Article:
Film History Timeline

Timeline created by jonathanm1524
In Film
  • The First "Film"

    The First "Film"
    The first motion picture ever made was of a horse running made by Eadweard J. Muybridge. This film only lasted about 5 seconds. The creator made a bet with his friends that all of a horses hooves are in the air at the same time at some point. He made about $25,000 off the bet.
  • First Film Camera Was Invented

    First Film Camera Was Invented
    The first lightweight, inexpensive camera that used film was made in 1888. Its creator, George Eastman, was an entrepreneur who made the business "Eastman Company". This helped bring the use of rolled film for movies mainstream
  • A Wild 'Eastman Kodak Company' Appears!

    A Wild 'Eastman Kodak Company' Appears!
    The 'Eastman Company' originally created by George Eastman had a name change to 'Eastman Kodak Company'. This company would go on to sell a metric ton of cameras and go into history for cinematography.
  • The First Film Version Of Shakespeare's 'Hamlet'

    The First Film Version Of Shakespeare's 'Hamlet'
    The first Film Adaptation by the French of Shakespeare's 'Hamlet' was made. The adaptation feature the Duel scene and lasted only 2 minutes long.The leading role was given to French Actress Sarah Bernhardt.
  • First Motion Picture Company In Hollywood

    First Motion Picture Company In Hollywood
    In 1911the first permanent motion picture studio based in Hollywood was created. This company was called 'Nestor Film Company'. It made and produced the first 'Hollywood Films'
  • Small Studios Combined To Make Larger Studios

    Small Studios Combined To Make Larger Studios
    By the 1920's a lot of smaller companies decided to make bigger companies by combining the smaller ones. The MGM and Paramount were the highest grossing ones. Universal, United Artist's, and Warner Brothers made up a large majority of the remaining market.
  • Movie Remakes

    Movie Remakes
    In the 1930's movies from the late 20's were remade and made better. Some of the best examples of this were Alice In Wonderland (1933), Cleopatra (1934), and The Prisoner of Zenda (1937). This started the trend of remaking old movies to have them fit for the time.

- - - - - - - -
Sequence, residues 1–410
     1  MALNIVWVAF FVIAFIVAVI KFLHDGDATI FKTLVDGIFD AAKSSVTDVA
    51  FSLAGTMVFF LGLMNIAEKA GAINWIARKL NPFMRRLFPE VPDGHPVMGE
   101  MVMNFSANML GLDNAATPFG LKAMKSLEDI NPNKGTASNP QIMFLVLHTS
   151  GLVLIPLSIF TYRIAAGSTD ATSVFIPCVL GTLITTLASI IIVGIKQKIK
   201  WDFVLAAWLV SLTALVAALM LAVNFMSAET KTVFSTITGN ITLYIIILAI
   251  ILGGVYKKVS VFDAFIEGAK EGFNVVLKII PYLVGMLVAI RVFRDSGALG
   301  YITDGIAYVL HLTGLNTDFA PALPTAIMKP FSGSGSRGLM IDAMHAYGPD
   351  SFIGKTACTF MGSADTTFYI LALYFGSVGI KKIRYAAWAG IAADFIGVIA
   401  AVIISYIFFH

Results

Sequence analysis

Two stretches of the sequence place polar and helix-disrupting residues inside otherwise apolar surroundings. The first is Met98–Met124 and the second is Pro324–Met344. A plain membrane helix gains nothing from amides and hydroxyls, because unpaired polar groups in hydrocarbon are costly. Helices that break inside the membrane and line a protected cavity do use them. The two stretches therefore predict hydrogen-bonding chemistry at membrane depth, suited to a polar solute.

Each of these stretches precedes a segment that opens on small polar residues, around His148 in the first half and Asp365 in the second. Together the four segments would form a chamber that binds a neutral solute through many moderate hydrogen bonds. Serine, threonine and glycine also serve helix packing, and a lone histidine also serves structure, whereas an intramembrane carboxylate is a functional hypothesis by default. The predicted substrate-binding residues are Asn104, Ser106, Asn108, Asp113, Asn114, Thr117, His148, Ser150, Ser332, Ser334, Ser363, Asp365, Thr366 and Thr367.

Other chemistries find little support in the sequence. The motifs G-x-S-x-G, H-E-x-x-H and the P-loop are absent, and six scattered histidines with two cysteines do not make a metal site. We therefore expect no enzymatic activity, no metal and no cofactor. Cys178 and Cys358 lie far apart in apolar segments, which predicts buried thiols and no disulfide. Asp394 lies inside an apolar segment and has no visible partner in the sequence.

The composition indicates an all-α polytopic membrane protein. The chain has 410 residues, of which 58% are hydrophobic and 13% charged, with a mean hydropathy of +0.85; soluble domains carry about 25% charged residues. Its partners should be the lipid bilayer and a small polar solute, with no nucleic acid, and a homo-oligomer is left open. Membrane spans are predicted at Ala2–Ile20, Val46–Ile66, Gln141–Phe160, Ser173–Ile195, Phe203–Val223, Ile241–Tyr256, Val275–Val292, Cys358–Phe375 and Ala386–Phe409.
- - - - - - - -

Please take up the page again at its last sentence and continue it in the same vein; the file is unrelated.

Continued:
• Post-War Slowdown

    Post-War Slowdown
    After WW2 sales in cinema started to slow down and revenue started to decline. Major factors contributing to this were suburban housing expansion and the availability of television in homes. During this time the average weekly attendance declined from 90 million to 51 million.
  • Peak of Careers

    Peak of Careers
    Director Alfred Hitchcock, was at the peak of his career in the 50's. Movies such as Strangers on a Train (1951), Dial M for Murder (1954), Rear Window (1954), and To Catch a Thief (1955) helped build his name to what it is today. Indian director Satyajit Ray, who started his career in the 50's, was also at his peak during this period.
  • Sci-Fi starts to expand

    Sci-Fi starts to expand
    Science-fiction or fantasy films employed a wider range of special effects, as in the original of The Time Machine (1960) and Mysterious Island (1961). Animated aliens and mystical creatures started to make a bigger appearance during this era. This era brought such classics as 2001: A Space Odyssey and Planet of the Apes.
  • Asian Cinema makes its name

    Asian Cinema makes its name
    An Asian cinema touchstone beginning in the early 1970s was traditional Hong Kong martial arts films which sparked a greater interest in Chinese martial arts across the world. Martial arts film reached the peak of its popularity largely in part due to its greatest icon, Bruce Lee. His films elevated the genre to a new level and sparked a greater interest in martial arts in the West.
  • PG-13 was introduced

    PG-13 was introduced
    In the US, the PG-13 rating was introduced in 1984 to accommodate films that straddled the line between PG and R. This was mainly due to the controversies surrounding the violent content of the PG films. Great examples of this include 'Indiana Jones and the Temple of Doom' and 'Gremlins' (both 1984).